Indiana University School of Medicine, Indianapolis, Indiana
Basic lung anatomy is simple. Branching airways terminate in alveoli, and the arterial and venous trees interconnect via capillaries that are embedded in alveolar walls. The complexity of the structure comes from its ~3 x 108 alveoli and their accompanying ~3 x 1010 capillaries. These very large numbers have caused anatomists and physiologists to simplify the lung to a one-alveolus, one-capillary model. With time, this model has tended to be thought of as the real lung; some senior scientists express considerable surprise when they realize that pulmonary capillary pathways cross more than one alveolus.
Although pulmonary microvascular anatomy and its effect on perfusion are extremely complex, they are not hopelessly so. We have considerable information about how the pulmonary circulation utilizes the extensive reserve in the pulmonary capillary bed when the demand for oxygen increases. In trying to understand how these reserves come into play when the lung reaches its full potential as a gas exchanger during heavy exercise, we consider three kinds of changes that occur in the capillary bed as cardiac output increases from rest to exercise.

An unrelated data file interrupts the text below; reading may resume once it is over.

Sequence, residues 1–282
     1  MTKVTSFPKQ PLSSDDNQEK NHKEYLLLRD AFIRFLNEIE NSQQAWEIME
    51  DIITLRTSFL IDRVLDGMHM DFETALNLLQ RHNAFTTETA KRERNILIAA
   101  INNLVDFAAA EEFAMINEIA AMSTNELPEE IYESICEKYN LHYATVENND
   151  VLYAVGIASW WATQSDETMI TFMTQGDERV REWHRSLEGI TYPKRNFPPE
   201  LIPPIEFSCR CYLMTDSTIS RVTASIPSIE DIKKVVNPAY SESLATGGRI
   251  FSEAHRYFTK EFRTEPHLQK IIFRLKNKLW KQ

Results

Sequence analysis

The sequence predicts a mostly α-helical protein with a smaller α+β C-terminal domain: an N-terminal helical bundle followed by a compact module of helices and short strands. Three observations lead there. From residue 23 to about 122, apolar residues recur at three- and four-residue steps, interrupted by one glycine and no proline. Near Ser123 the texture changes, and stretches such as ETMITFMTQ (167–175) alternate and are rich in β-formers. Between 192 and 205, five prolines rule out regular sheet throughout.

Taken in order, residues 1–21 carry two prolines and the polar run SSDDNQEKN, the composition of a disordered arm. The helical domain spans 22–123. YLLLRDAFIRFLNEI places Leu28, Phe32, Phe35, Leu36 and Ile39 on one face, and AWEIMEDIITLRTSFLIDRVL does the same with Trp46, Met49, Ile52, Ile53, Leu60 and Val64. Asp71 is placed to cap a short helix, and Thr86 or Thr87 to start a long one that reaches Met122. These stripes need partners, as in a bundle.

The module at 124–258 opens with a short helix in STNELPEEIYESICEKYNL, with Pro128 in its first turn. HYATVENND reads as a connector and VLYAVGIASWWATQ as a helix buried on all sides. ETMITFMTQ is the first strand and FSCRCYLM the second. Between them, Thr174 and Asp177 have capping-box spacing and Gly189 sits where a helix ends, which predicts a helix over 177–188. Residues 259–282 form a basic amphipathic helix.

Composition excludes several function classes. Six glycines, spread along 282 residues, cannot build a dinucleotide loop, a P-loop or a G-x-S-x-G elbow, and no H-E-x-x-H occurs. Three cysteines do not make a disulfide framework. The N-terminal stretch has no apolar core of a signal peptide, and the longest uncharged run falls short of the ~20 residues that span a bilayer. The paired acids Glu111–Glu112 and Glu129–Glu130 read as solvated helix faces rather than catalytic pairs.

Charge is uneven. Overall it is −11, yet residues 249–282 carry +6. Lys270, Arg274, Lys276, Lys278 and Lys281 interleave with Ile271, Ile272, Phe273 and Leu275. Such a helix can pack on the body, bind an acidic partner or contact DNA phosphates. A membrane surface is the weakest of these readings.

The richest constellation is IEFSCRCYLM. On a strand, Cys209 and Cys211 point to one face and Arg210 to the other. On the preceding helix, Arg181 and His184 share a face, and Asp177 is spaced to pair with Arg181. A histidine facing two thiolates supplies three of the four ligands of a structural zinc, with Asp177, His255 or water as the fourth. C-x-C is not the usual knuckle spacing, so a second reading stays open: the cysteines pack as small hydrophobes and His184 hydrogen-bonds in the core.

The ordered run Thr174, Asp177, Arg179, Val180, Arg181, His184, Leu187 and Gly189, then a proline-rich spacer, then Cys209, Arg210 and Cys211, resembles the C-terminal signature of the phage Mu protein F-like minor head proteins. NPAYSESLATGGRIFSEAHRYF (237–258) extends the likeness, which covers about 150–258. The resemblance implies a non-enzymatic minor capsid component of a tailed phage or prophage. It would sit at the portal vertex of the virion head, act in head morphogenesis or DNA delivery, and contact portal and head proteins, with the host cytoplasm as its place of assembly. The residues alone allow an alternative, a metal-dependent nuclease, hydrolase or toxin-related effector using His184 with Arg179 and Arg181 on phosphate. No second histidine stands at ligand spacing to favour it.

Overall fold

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This ebook provides an introductory explanation of the workings of the human body, with an effort to draw connections between the body systems and explain their interdependencies. A framework for the book is homeostasis and how the body maintains balance within each system. This is intended as a first introduction to physiology for a college-level course.